The Meaning of Luke 24:35 Explained

Luke 24:35

KJV: And they told what things were done in the way, and how he was known of them in breaking of bread.

YLT: and they were telling the things in the way, and how he was made known to them in the breaking of the bread,

Darby: And they related what had happened on the way, and how he was made known to them in the breaking of bread.

ASV: And they rehearsed the things that happened in the way, and how he was known of them in the breaking of the bread.

What does Luke 24:35 Mean?

Verse Meaning

These two witnesses then proceeded to tell others about their experiences with Jesus and who He is. They serve as models of what disciples of the risen Christ should do. The manner in which they came to recognize Him clearly impressed them. Perhaps Luke mentioned again that the disciples recognized Jesus in the breaking of the bread since for Christians that happens whenever we observe the Lord"s Supper, though in a different sense.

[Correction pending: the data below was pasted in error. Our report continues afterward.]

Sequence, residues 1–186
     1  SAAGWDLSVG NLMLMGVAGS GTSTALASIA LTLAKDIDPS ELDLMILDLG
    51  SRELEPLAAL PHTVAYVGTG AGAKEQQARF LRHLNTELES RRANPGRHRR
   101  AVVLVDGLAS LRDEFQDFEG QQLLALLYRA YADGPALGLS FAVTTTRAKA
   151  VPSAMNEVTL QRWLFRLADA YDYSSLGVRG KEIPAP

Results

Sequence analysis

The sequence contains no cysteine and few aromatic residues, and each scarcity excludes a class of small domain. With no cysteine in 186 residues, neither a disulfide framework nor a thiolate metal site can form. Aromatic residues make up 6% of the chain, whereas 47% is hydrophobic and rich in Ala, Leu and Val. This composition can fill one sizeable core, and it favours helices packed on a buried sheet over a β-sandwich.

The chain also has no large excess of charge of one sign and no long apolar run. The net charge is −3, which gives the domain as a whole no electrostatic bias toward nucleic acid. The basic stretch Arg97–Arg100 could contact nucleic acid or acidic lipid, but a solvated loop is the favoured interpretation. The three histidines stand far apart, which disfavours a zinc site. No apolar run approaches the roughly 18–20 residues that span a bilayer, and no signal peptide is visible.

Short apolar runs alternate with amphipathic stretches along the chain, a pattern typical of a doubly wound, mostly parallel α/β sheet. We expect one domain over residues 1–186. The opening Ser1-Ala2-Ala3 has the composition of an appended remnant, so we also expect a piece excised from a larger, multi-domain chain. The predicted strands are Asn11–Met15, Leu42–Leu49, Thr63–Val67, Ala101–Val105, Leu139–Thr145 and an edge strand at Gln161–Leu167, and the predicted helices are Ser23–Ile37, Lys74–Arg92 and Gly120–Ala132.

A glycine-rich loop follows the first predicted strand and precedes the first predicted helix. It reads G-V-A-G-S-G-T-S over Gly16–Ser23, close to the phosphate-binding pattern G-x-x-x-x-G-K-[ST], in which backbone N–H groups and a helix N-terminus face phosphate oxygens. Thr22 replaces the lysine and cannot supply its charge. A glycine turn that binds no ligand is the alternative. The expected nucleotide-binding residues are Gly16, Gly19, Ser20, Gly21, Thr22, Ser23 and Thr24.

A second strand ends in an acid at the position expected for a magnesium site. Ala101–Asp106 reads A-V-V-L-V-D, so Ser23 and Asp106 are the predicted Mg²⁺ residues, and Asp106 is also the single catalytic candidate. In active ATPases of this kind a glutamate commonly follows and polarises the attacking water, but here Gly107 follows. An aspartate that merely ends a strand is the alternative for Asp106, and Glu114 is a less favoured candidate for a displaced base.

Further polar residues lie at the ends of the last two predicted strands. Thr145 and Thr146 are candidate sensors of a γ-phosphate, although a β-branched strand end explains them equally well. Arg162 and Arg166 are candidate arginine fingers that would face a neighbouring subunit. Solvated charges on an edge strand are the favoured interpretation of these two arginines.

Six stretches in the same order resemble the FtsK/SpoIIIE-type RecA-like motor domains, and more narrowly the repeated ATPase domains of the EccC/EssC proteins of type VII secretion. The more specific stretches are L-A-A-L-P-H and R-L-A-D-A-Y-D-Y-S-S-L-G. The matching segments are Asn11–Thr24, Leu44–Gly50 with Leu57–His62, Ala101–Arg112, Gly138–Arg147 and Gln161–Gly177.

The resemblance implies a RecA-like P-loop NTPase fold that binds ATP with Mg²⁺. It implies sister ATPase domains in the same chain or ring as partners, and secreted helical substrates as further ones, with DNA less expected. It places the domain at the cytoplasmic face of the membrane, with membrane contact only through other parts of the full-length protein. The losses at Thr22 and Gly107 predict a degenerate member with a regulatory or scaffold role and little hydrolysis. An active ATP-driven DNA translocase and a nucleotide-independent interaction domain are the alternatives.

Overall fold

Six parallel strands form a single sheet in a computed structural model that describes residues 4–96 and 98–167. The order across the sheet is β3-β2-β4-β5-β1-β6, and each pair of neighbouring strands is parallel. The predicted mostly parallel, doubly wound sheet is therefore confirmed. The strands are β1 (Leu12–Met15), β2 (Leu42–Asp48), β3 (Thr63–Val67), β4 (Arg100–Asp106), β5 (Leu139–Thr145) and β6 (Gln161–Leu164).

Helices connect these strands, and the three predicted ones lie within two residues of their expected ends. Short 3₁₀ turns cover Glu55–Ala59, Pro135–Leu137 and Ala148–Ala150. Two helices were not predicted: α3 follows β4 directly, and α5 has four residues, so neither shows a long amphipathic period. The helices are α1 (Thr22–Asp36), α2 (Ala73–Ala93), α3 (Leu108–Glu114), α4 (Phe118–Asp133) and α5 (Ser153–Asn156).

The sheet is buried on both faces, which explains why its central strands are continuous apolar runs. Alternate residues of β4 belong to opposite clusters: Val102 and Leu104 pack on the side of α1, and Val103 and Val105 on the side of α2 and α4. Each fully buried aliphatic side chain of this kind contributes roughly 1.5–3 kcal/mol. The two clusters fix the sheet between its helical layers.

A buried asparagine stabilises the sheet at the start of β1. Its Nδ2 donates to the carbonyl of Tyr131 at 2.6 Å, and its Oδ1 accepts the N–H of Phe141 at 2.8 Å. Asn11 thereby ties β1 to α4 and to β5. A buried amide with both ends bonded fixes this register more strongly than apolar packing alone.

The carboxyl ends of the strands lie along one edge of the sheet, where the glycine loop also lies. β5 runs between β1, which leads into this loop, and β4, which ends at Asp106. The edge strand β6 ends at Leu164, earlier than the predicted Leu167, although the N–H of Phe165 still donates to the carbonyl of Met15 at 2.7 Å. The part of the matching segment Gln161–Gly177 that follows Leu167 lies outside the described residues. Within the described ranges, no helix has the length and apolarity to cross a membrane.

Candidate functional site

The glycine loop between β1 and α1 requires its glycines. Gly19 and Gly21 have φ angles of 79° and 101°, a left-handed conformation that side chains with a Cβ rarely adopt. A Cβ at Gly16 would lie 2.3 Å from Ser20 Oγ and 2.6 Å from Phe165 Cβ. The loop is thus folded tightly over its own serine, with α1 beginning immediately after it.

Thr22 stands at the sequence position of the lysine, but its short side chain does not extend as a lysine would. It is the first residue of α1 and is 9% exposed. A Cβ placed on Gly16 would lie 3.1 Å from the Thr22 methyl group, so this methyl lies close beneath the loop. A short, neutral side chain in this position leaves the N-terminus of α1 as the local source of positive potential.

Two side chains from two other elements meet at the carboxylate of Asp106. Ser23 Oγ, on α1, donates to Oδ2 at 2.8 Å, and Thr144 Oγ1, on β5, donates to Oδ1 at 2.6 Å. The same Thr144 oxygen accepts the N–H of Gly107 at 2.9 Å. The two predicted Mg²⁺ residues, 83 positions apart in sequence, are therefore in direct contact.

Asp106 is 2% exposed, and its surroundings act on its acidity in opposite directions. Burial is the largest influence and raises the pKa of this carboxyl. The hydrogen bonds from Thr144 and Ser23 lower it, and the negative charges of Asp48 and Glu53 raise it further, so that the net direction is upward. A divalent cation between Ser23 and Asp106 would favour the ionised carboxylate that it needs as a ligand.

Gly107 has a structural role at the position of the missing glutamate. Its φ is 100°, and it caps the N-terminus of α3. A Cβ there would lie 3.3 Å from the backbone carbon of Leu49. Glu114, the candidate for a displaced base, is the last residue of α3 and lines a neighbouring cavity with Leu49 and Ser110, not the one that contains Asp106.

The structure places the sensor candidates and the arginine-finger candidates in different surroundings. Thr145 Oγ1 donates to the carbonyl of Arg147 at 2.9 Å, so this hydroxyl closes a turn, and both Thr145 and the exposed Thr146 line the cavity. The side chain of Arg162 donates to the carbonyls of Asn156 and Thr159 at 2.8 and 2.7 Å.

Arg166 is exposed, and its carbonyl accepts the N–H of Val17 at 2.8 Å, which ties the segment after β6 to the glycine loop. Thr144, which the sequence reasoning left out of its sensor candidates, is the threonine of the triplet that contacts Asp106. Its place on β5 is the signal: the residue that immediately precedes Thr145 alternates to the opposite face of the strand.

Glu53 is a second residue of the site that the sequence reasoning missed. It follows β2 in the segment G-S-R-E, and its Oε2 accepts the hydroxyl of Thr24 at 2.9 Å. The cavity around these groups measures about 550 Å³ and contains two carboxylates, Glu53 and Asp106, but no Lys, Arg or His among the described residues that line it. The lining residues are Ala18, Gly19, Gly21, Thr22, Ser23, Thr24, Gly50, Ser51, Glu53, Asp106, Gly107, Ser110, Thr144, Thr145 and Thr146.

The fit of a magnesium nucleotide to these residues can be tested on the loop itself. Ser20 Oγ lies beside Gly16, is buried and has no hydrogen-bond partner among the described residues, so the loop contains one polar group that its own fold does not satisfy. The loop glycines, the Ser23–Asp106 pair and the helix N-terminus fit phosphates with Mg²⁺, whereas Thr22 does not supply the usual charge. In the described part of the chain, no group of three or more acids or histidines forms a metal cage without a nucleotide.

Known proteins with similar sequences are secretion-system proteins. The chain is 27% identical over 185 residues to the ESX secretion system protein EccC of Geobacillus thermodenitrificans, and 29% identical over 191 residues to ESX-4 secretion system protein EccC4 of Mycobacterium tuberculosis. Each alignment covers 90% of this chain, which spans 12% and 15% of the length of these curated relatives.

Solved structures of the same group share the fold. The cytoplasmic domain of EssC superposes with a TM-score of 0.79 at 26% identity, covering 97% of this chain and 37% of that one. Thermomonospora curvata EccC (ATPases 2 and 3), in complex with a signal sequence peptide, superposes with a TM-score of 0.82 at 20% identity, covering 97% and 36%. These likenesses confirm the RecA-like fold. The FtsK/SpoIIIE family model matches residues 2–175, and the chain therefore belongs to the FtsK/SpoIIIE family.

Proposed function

Context Summary

Luke 24:28-35 - "abide With Us"
Our Lord must be invited and constrained. He will not impose Himself on an unwilling host; but how glad He is to enter where a welcome awaits! He turns ordinary meals into sacraments; common rooms into royal chambers: and the homeliest things into symbols of the eternal. He sat with them, then vanished; but He was no less truly with them when He ceased to be seen-and all to teach them that when He had passed permanently from their sight He would be nearer than ever.
When you have had a great vision of the Lord, be sure to tell it. Do not wait in the interior of your own chamber, hugging the joy and comfort of His presence. Hasten back to your fellow-believers. They also have much to tell. This appearance to Simon Peter is referred to by Paul in 1 Corinthians 15:5. When men really love the Savior, they will love the ordinances of the Church, the fellowship of the brethren, and especially the holy supper, where He makes Himself known. [source]

Chapter Summary: Luke 24